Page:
Thursday, 26 January 2012

Infant feeding - Basics

Doctors recommend that babies be exclusively breast-fed for the first six months of life. Weaning usually commences between 4 to 6 months of age. If the baby's milk consumption is not sufficient,an they start waking up more often at night than usual for feeding, then doctors may recommend introducing porridge for one meal, in addition to the normal number of nursing sessions. Even after starting solid feeding for the baby, breast milk continues to be an important part of the baby's diet for the first year of life.

The first food introduced has to be very thin with absolutely no lumps in it. Ragi or rice porridge are excellent ways to start. You could also mix a little breast milk in the porridge when you first introduce it, so the baby is more likely to take it. Then gradually you could start reducing the amount of breast milk mixed into the porridge. 
The porridge should be lukewarm and not hot to the touch. 

Gradually the texture of the porridge can get thicker and lumpier. By six months of age, mashed dal and rice, mashed or pureed fruits or vegetables can be given. At this age the baby should be eating solid food 3 times a day. 

By 7-8 months of age, introduce finely chopped foods, like slices of banana etc. Gradually the child will learn to chew. You could also introduce chapathi soaked in dal/milk at this stage.

Between 9-12 months of age, you could give her the entire spectrum of food varieties, cheese, yoghurt, bread, chapatti, rice, cereals, peas, beans, fruits and vegetables.
So by the child's first birthday, the child would have tried and got a taste of all food types.

A few important things to keep in mind:
  • There is no necessity to add salt or sugar to baby's food.
  • The goal should be to have the baby trained feed from the family pot by his/her first birthday.
  • Avoid giving fish, cow's milk, eggs, nuts, honey, salt and sugar in the first year of the baby's life. 
  • Chicken (well cooked and shredded) can be introduced from 7 months on.
  • Hygiene is of utmost importance, when handling baby food. Always wash your hands with soap before handling food. Wash all feeding bowls, pestle etc thoroughly and if necessary sterilize them. 
  • Give freshly prepared food the children. Do not feed them leftovers more than a day old.
  • It could take even upto 20-30 tries for a child to start liking any new type of food introduced. So be patient. If the child refuses to eat, then just clear it away without comment and try again a couple of days later.
  • Introduce new food one at at time for two consecutive days to ensure that the baby does not develop any allergic reactions.
  • Fruit juice should be diluted with one part of water. Giving her mashed fruits is preferable to juice.
Please check with your child's pediatrician before starting her on solids. Always consult and take his opinion before coming up with the schedule or menu for the baby. Just as a guidance, I am sharing my daughter's feeding schedule:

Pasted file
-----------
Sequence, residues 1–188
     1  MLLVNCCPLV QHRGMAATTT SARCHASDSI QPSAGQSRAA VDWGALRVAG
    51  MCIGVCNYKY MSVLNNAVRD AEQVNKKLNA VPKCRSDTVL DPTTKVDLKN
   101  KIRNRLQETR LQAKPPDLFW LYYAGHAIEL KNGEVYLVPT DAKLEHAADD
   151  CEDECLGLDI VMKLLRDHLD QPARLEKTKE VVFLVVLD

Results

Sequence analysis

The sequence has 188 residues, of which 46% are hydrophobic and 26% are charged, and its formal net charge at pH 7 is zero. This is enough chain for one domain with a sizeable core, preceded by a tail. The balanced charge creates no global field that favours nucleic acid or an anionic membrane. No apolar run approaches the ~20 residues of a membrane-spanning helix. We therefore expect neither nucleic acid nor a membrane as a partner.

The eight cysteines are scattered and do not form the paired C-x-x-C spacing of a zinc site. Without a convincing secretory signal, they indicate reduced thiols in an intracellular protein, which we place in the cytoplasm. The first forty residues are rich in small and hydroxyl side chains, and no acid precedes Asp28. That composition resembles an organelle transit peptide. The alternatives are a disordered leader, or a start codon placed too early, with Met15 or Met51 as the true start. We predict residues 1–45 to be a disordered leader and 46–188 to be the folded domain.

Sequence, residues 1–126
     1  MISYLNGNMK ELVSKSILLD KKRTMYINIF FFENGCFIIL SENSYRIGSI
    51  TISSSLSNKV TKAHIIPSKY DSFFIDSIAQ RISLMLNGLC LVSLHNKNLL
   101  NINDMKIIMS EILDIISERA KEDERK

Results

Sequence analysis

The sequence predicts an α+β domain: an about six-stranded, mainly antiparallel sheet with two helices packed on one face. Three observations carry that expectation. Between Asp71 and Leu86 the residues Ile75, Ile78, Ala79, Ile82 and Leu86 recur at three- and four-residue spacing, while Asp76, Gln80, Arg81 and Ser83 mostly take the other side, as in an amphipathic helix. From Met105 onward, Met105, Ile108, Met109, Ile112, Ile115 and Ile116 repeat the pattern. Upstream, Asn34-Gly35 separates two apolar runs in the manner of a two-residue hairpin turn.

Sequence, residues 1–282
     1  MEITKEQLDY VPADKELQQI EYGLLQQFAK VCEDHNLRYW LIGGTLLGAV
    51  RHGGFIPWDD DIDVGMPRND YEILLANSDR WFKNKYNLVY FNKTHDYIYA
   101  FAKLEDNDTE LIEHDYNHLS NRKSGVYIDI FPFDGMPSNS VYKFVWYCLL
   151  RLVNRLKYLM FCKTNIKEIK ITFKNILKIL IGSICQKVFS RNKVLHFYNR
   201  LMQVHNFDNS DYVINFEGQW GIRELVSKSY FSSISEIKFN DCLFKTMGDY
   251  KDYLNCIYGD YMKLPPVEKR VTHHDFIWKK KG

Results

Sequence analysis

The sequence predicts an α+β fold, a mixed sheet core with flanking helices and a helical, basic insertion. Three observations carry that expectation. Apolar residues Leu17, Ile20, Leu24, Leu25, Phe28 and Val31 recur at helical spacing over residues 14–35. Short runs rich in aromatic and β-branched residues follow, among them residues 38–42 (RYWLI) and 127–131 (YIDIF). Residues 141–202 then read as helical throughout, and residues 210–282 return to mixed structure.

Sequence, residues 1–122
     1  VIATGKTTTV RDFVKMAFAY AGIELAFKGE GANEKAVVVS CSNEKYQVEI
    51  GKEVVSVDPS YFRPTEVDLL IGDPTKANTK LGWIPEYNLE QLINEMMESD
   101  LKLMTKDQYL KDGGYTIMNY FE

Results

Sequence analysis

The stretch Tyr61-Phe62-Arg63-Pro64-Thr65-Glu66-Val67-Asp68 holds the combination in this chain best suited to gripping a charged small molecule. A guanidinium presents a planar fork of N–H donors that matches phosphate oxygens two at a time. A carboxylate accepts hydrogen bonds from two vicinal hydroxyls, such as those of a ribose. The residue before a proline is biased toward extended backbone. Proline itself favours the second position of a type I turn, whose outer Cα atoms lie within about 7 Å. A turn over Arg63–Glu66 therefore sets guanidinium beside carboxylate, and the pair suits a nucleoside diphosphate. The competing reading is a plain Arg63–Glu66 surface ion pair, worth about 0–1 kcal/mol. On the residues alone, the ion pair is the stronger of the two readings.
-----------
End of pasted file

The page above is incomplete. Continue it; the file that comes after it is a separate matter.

We started her on solids by 5 1/2 months.

Solids only once a day: 11AM -12PM  Any one of the following:
  1. Rice + Dal (blended) and thinned down
  2. Ragi porridge
  3. Oats porridge
  4. Mashed (boiled) apple
  5. Mashed banana/mango/musk melon/papaya
I gave each one of these items on two consecutive days to see if she develops any allergic reaction. She did not like potatoes and green peas. So I did not force her. I gave vegetables too. And I gave her her fruits instead of fruit juice as much as possible. But fruit juice is just additional on top of all this. And it is only to be given diluted with one part of water. Plain juice with the fruit sugars, apparently, kills their appetite for milk. 

Once I tried all the above items, I proceeded to give her solids twice a day. This continued for 2 weeks:
11AM – 12PM – Rice/Ragi/Oats
3PM – 5PM – One of the fruits/vegetables

We started giving her solids 3 times a day, from 7 months on:
9AM-10AM – Ragi/Oats
1PM-2PM – Rice-Dal/Curd-Rice with whatever vegetable we prepare at home, cooked and mashed well.
5PM – One of the fruit varieties.

She used to eat 2-3 tablespoonfuls of each of her meals. 
I have never given her formula milk. I have never given her cerelac or any of those store bought baby food. As much as possible, as the doctor suggests it is best to get them used to what we eat, since it saves a lot of trouble cooking two different things. There is a lot of overhead involved with baby solid feeding. You need to wash the cooking and serving utensils thoroughly before and after preparation, wash their bibs and clothes immediately so as to remove the food particles and stains well, otherwise it does not go. Added to that if you have to cook separately for them, it gets very difficult. Not just that, they will not get adjusted to our preparation smoothly otherwise.

For the porridge:
Grind Quacker oats into a fine powder. Make oats porridge with 1tsp of powder just the usual way. This will make 2tbsp of the porridge. You can optionally add your milk to the porridge once it has cooled down.

Refer to the recipe here.

priya's signature image at photobucket 


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